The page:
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Pharma sales help Bayer escape the worst from a bumpy 2017

But the German pharma firm reins in expectations for this year

Bayer Werner Baumann

Weathering a tough fourth quarter in which sales at all its business units experienced single-digit drops, Bayer’s full-year figures saw the group just manage to avoid falling backwards in 2017.

Riding to the group’s rescue was its pharmaceuticals unit, where sales increased by 2.6% to €16.8bn, pulling up the group’s 2017 sales by 0.2% rise to hit €35bn.

They had to overcome weak business development within the group’s interests in consumer heath - down 2.9% in 2017 to €5.9bn - and crop science, with the latter business falling 3.4% to €9.6bn.

Consumer sales were hit by a “persistently weak” performance in the US and the unexpected decision by Chinese authorities to switch two of its skincare brands from OTC to prescription status, causing their sales to fall in the fourth quarter.

Its pharma business was once again led by Bayer’s top-seller Xarelto, with sales of the oral anticoagulant rising 12.6% to €3.6bn, and eye drug Eylea, which was up 6.1% to €1.9bn. Both, however, saw their sales growth slow markedly over the last 12 months.

The two brands, along with cancer drugs Xofigo and Stivarga and pulmonary hypertension treatment Adempas, are seen by the company as its key growth brands.

Together they brought in just over €6.5bn, although Xarelto and Eylea accounted for over 80% of the total.

“Operationally, 2017 was a year of ups and downs,” Bayer CEO Warner Baumann told a news conference in Leverkusen yesterday, adding that it “a year that in some respects wasn’t easy”.

For its pharmaceuticals business the ‘downs’ included several late-stage trial failures towards the end of the year. Among them were a 7,000 patient study of Xarelto in secondary stroke, a combination trial of Eylea and a drug-device combination for pneumonia.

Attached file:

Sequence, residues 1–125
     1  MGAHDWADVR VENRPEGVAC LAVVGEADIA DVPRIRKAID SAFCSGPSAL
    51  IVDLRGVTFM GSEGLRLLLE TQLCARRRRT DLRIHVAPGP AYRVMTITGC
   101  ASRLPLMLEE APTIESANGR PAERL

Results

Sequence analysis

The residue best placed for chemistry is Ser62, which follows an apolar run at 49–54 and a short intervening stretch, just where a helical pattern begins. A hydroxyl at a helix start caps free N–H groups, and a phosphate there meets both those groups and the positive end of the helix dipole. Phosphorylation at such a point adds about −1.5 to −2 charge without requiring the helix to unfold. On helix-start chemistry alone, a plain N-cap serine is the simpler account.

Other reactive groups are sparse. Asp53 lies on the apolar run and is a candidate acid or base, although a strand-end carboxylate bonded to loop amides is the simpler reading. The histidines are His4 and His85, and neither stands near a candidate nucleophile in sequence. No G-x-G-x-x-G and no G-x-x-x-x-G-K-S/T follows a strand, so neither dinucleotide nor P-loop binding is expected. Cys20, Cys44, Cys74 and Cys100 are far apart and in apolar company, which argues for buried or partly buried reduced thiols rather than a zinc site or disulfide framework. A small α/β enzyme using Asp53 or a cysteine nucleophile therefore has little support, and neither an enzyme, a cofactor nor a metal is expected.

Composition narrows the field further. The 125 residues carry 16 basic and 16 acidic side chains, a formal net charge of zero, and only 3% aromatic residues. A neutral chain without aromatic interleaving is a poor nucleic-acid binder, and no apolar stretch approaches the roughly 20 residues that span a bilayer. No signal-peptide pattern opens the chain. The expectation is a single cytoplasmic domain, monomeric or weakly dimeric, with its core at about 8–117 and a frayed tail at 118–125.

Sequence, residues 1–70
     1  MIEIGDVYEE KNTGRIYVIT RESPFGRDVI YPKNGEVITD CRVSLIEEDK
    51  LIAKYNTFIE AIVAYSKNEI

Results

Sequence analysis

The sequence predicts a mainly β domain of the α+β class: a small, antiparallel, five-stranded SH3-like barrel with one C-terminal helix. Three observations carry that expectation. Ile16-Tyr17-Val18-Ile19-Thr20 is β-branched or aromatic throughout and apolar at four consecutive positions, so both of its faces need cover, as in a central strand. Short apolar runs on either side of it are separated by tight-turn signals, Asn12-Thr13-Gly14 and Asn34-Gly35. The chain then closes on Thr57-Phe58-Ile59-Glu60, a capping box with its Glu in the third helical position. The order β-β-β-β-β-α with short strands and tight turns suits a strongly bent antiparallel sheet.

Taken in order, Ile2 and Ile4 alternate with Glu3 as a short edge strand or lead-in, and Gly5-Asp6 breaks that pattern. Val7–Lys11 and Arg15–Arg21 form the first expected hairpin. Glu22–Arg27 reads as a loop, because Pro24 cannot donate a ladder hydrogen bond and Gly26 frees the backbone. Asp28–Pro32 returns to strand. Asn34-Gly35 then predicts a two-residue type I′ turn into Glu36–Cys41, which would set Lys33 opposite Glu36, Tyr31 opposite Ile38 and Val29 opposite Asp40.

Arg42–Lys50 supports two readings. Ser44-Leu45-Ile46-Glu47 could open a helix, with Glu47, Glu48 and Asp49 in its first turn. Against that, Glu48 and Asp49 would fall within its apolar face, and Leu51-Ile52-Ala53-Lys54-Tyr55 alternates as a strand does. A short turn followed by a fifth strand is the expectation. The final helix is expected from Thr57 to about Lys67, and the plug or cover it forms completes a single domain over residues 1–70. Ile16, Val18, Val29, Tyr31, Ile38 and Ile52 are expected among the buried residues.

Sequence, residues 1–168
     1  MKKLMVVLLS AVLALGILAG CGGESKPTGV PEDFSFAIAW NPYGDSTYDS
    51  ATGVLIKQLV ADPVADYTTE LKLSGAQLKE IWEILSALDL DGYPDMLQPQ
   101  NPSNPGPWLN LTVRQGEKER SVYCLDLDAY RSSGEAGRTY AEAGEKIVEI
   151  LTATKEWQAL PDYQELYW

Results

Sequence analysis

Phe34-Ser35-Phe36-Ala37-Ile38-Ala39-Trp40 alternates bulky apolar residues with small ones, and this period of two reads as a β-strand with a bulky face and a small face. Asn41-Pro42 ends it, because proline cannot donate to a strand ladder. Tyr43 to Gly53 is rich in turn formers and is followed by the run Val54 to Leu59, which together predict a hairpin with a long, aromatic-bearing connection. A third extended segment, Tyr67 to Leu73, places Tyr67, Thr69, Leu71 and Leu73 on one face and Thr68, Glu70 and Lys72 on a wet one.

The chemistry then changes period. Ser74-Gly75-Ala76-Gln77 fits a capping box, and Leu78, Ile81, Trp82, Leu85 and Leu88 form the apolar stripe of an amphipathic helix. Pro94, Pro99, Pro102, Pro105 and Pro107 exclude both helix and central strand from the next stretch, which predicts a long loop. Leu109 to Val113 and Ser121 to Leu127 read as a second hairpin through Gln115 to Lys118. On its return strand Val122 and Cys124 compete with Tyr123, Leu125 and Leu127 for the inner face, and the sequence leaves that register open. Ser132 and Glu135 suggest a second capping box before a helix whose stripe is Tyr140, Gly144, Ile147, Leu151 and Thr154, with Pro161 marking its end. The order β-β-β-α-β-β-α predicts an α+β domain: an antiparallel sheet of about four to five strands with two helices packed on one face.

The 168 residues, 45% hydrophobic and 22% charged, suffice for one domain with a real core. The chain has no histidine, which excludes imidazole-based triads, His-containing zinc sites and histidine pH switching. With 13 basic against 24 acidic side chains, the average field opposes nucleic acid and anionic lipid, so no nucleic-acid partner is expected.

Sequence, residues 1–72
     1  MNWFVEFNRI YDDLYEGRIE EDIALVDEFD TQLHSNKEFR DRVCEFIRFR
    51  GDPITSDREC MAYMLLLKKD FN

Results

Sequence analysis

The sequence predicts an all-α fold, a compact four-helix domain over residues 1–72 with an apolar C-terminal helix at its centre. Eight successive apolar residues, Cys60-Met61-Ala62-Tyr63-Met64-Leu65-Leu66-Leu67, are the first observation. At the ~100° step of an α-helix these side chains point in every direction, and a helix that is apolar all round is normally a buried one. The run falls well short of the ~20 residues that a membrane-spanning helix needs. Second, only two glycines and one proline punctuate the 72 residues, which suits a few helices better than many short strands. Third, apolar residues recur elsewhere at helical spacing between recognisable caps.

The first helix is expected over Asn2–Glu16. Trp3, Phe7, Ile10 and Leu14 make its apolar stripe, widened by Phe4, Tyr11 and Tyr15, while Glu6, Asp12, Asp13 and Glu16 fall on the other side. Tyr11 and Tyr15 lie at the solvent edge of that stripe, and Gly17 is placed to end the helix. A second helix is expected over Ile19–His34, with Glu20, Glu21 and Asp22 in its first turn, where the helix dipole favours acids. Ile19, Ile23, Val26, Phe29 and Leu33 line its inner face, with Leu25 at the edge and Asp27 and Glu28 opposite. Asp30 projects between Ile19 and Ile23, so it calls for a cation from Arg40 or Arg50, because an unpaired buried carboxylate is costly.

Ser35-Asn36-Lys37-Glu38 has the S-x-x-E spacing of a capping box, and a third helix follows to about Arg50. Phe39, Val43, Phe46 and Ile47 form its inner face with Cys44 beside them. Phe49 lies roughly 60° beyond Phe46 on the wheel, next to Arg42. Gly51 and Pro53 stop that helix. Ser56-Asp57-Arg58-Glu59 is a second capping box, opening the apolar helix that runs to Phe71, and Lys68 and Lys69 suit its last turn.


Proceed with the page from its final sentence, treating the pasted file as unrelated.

But those failures were tempered by positive results late in the year for larotrectinib, one of two cancer assets licensed from Loxo Oncology in a $1.5bn deal.

Larotrectinib is expected to be filed for US approval within the coming weeks, and the Loxo deal is also an important indicator for Bayer that its massive deal to acquire agrochemical group Monsanto - which it now expects to complete before June - won’t derail its other business units.

“We have always said that we will continue to drive the growth of our Pharmaceuticals, Consumer Health and Animal Health businesses as before,” Baumann told the news conference. “Projects like [the Loxo deal] show that we are keeping our word.”

Looking ahead to 2018, Bayer expects flat sales growth across the group, with pharma sales pegged back to €16.5bn and sales of its five key products slowing to finish the year near the €7bn mark.

Article by
Dominic Tyer

1st March 2018

From: Sales

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Rainmaker is an independent, award-winning communications agency with offices in London and Atlanta. Our experience across pharmaceuticals, generics, OTC, medical...

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